Maria Edgeworth (1768–1849) was an Irish author known for her contributions to the novel and children's literature during the early 19th century. She was a prolific writer whose works often explored social issues, education, and the relationships between different classes in society.
Maria, along with other members of her family, was involved in philanthropic and charitable activities to alleviate the suffering of the Irish people during the Great Famine. They contributed to relief efforts, providing assistance to those affected by the famine. Edgeworth used her influence and connections to raise awareness of the dire situation in Ireland and to encourage support for famine relief.
Maria Edgeworth came from a landowning family in Ireland. Her father, Richard Lovell Edgeworth, was an Anglo-Irish landlord, inventor, and educationist.
Edgeworthstown takes its name from the Edgeworth family.
In 1619, King James I confiscated land from the Gaelic O’Farrells in Longford and granted it to Francis Edgeworth.
The Edgeworths were members of the landlord class and in the initial stages – certainly for several decades -they were mainly absentee landlords.
The Edgeworth family owned extensive estates in County Longford, Ireland. Richard Lovell Edgeworth was known for his progressive views on education, and Maria was raised in an intellectually stimulating environment.
Maria Edgeworth's experiences and observations of Irish society, particularly the relationships between landlords and tenants, influenced her writing. Her novel "Castle Rackrent" is often considered a satirical commentary on the Irish landed gentry, and it provides a critical perspective on the issues related to landlords and their management of estates. While her family background was that of landowners, Maria Edgeworth demonstrated a nuanced understanding of the social and economic issues of her time in her literary works.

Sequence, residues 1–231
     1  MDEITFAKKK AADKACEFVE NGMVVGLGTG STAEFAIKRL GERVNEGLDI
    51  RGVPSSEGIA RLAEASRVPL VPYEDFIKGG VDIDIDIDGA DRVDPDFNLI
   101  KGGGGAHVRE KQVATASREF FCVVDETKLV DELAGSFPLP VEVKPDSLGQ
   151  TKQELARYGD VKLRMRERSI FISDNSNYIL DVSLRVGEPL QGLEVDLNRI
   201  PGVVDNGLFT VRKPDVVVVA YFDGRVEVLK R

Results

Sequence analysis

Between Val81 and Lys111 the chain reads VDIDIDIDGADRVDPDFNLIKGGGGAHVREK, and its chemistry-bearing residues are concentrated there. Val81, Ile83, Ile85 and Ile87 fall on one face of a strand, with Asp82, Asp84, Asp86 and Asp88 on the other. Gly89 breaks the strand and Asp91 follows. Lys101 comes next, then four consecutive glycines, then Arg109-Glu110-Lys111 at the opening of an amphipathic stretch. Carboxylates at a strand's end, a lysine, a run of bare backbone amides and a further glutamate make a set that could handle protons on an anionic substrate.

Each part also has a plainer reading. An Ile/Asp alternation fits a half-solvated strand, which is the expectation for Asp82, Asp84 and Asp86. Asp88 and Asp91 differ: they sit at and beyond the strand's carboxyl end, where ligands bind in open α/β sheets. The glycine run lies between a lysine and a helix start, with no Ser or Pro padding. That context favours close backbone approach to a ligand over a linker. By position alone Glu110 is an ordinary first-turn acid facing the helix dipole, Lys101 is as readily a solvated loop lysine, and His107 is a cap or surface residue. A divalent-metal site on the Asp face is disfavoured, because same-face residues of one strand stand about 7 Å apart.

Here are some of her notable works:
Castle Rackrent (1800): This novel is often considered the first historical novel and is a satirical depiction of the Irish landed gentry. It is narrated by Thady Quirk, the steward of the estate, and provides a humorous and critical view of the changing social and economic landscape in Ireland.
This novel explores issues of courtship and marriage in the upper classes of British society. It addresses themes of gender roles, social expectations, and the challenges faced by women in the early 19th century.
The Parent's Assistant (1796): This is a collection of short stories and tales for children. Edgeworth is often credited with contributing to the development of the genre of children's literature. The stories in this collection emphasize moral lessons and educational values.
The Absentee (1812): This novel deals with the consequences of absentee landlords in Ireland and their impact on the Irish tenants. It provides a social and political commentary on the relationships between the English landowners and the Irish peasants.
Ormond (1817): This novel is set against the backdrop of the 1798 Irish Rebellion and follows the adventures of the titular character, Harry Ormond. The novel explores themes of identity, loyalty, and political intrigue.
Harrington (1817): In this work, Edgeworth addresses issues of class, education, and the role of women in society. The novel follows the life of the protagonist, Euphemia, as she navigates social expectations and challenges.
Maria Edgeworth's works were influential in their time, and she was admired for her ability to combine entertainment with moral instruction. Her emphasis on education and moral values, particularly in her children's literature, set her apart as a writer who was concerned with the betterment of society through literature.
Article written by County Archivist Martin Morris and published
in the book ‘o theach go teach’ a history of Edgeworthstown published in 2003
by the Edgeworthstown Historical Group:
In the period of the ‘Great Famine’ (1845-1851), the civil parish of Mostrim
consisted of thirty-four townlands and the town, covering just over 10,943
The census of 1841 revealed that it had a population of 4,933, of whom 864 (or
21%) lived in Edgeworthstown itself. As the population generally was increasing
quite rapidly, we may assume that by 1845, the parish would have had over 5,000
people. It can also be assumed that in common with the rest of Ireland, those in
the parish most dependent upon the potato crop were the small farmers, the
cottiers and the labourers. Frequently, the distinctions between those three
groups were very blurred, but the rapid rise in population from the beginning of
the nineteenth century was especially evident among them.